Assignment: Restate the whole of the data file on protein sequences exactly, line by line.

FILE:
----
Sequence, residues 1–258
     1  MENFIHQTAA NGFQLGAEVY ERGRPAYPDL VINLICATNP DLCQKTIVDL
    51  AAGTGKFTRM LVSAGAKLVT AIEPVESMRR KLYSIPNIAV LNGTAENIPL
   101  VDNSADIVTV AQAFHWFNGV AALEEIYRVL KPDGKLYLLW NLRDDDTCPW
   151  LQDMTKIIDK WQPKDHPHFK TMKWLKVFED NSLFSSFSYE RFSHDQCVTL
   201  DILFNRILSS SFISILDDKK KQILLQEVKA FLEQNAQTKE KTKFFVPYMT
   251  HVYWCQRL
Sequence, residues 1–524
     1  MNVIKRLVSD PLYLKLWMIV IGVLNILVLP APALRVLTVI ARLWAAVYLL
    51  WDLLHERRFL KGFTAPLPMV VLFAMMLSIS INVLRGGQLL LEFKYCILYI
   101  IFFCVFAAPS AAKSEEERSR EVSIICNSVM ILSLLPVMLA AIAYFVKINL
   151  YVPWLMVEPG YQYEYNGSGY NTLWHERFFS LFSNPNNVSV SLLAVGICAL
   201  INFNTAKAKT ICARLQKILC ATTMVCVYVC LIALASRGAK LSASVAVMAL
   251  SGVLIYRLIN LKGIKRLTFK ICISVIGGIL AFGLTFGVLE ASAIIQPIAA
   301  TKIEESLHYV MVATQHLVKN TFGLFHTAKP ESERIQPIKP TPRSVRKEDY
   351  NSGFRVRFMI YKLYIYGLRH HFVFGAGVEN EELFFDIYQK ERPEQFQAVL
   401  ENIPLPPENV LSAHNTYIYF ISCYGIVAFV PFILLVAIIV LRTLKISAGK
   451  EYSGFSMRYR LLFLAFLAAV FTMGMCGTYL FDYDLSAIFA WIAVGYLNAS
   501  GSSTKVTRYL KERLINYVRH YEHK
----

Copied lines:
Sequence, residues 1–258
     1  MENFIHQTAA NGFQLGAEVY ERGRPAYPDL VINLICATNP DLCQKTIVDL
    51  AAGTGKFTRM LVSAGAKLVT AIEPVESMRR KLYSIPNIAV LNGTAENIPL
   101  VDNSADIVTV AQAFHWFNGV AALEEIYRVL KPDGKLYLLW NLRDDDTCPW
   151  LQDMTKIIDK WQPKDHPHFK TMKWLKVFED NSLFSSFSYE RFSHDQCVTL
   201  DILFNRILSS SFISILDDKK KQILLQEVKA FLEQNAQTKE KTKFFVPYMT
   251  HVYWCQRL
Sequence, residues 1–524
     1  MNVIKRLVSD PLYLKLWMIV IGVLNILVLP APALRVLTVI ARLWAAVYLL
    51  WDLLHERRFL KGFTAPLPMV VLFAMMLSIS INVLRGGQLL LEFKYCILYI
   101  IFFCVFAAPS AAKSEEERSR EVSIICNSVM ILSLLPVMLA AIAYFVKINL
   151  YVPWLMVEPG YQYEYNGSGY NTLWHERFFS LFSNPNNVSV SLLAVGICAL
   201  INFNTAKAKT ICARLQKILC ATTMVCVYVC LIALASRGAK LSASVAVMAL
   251  SGVLIYRLIN LKGIKRLTFK ICISVIGGIL AFGLTFGVLE ASAIIQPIAA
   301  TKIEESLHYV MVATQHLVKN TFGLFHTAKP ESERIQPIKP TPRSVRKEDY
   351  NSGFRVRFMI YKLYIYGLRH HFVFGAGVEN EELFFDIYQK ERPEQFQAVL
   401  ENIPLPPENV LSAHNTYIYF ISCYGIVAFV PFILLVAIIV LRTLKISAGK
   451  EYSGFSMRYR LLFLAFLAAV FTMGMCGTYL FDYDLSAIFA WIAVGYLNAS
   501  GSSTKVTRYL KERLINYVRH YEHK